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The "victim/suspect" of no knock warrants is responsible for paying for any damage done by the police, assuming the warrant is valid for the address that was hit.

I am against them due to the castle doctrine. If it is reasonable for a homeowner to assume that someone breaking down their door is trying to kill them, then whether or not that person turns out to be a police officer who didn't properly identify himself after the fact should be irrelevant.
 

cpwill

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No Knocks should not be banned, but, they are clearly being over-used, with horrific results.

I think changing qualified immunity to a Reasonable Man standard, and clearly outlining (high) minimal requirements for signing off on a no-knock are good initial starts.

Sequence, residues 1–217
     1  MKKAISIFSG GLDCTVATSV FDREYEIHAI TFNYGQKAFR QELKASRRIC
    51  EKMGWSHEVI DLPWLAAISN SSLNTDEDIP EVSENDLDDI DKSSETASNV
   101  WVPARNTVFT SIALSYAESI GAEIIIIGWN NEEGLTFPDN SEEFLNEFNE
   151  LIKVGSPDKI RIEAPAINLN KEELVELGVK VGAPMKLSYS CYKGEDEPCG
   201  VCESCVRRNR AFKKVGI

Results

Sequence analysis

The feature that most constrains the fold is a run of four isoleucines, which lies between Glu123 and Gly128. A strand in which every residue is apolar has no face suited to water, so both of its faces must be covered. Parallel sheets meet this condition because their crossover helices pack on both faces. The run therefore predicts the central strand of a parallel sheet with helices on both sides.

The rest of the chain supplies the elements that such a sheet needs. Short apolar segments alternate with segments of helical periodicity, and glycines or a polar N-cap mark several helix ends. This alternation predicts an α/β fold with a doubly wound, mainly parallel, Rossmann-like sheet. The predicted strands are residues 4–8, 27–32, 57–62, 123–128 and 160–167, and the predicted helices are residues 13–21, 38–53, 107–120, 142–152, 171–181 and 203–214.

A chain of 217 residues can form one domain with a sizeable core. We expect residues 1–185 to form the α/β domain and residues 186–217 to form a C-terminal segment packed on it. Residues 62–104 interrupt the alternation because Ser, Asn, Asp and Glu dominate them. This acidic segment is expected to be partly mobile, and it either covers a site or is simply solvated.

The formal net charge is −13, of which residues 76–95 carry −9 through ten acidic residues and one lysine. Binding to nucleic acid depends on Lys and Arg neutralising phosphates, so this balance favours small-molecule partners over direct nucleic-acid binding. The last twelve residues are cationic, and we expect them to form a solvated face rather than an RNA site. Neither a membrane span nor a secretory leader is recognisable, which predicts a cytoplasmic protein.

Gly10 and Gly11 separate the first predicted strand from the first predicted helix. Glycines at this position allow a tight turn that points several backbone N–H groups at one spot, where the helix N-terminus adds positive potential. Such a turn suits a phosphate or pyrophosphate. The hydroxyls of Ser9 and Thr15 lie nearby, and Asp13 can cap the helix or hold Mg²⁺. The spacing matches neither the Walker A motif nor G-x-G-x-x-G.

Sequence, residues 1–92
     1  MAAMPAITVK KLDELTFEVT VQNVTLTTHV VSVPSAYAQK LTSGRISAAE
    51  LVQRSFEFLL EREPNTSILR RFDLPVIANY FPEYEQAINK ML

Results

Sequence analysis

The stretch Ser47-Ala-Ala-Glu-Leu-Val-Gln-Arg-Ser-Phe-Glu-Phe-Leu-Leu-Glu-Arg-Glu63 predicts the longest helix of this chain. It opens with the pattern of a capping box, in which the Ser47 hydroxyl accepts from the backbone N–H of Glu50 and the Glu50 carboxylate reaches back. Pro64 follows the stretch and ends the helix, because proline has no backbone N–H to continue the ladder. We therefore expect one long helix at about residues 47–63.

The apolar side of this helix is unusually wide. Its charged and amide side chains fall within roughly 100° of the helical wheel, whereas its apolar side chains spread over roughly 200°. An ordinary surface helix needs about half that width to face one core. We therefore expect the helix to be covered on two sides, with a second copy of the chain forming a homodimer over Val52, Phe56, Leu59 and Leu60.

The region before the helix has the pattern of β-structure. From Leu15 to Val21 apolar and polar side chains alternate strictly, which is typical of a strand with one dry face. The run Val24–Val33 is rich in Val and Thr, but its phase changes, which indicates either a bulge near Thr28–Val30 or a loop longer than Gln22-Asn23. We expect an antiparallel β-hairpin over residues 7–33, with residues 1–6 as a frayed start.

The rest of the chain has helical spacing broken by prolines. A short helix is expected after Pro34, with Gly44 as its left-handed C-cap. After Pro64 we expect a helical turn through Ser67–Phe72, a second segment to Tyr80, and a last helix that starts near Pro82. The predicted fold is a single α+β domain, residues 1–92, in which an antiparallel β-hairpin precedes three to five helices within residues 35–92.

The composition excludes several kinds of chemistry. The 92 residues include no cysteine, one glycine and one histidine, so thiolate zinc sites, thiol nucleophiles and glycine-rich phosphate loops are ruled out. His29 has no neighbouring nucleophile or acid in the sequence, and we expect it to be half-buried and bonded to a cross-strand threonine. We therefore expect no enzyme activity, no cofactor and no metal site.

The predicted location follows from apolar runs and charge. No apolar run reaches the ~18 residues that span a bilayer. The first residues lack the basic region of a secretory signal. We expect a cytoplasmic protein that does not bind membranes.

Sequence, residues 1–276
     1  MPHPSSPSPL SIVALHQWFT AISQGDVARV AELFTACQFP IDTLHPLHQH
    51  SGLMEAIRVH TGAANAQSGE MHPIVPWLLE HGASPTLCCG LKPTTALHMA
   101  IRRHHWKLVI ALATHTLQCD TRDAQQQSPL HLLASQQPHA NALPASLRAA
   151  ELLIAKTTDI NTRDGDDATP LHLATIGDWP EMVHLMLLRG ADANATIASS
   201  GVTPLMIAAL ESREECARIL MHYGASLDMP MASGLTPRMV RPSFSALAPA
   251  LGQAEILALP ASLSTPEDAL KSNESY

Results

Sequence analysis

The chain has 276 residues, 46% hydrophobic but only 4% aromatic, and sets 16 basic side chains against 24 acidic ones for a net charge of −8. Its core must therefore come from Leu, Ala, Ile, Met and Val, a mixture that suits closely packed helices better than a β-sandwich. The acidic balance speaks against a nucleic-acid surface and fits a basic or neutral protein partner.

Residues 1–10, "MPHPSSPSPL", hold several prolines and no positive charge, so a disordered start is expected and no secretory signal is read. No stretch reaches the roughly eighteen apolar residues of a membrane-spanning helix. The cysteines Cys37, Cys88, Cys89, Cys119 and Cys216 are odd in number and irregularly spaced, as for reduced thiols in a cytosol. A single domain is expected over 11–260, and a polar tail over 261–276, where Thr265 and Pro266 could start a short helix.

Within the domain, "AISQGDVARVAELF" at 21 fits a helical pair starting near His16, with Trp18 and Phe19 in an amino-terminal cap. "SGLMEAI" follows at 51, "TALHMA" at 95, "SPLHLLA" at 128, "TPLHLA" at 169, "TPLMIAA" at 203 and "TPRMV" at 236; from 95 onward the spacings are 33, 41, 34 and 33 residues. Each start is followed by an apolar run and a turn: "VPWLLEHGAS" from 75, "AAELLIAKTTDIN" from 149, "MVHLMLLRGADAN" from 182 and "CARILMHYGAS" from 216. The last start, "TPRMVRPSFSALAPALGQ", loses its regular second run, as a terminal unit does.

nvflash

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The "victim/suspect" of no knock warrants is responsible for paying for any damage done by the police, assuming the warrant is valid for the address that was hit.
Well it looks like I'll be the victim, as they were way behind on there rents anyway, so I don't see them paying for the door while sitting in the jailhouse for who knows how long for whatever they did.
 

Lycanthrope

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Too easily abused and overused.
 

OrphanSlug

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Absolutely a vote Yes.

"No knock" warrants are incredibly overused, seemingly easy to obtain and questionably applied, entirely designed to target the most vulnerable, and every so often costing one of them their lives. Usually a minority, which explains why conservatives love the practice.

Pro-life in action.
 

bongsaway

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Police served a no knock warrant in my apartment building on the West side of Louisville KY a few days ago, which left me wondering a few things. Mostly if no knock was even necessary and who is going to pay for the damages?

I mean does the city pay for it, the door? So I'm I going to have to pay more tax because the police can't get a damed key from the owner of the building?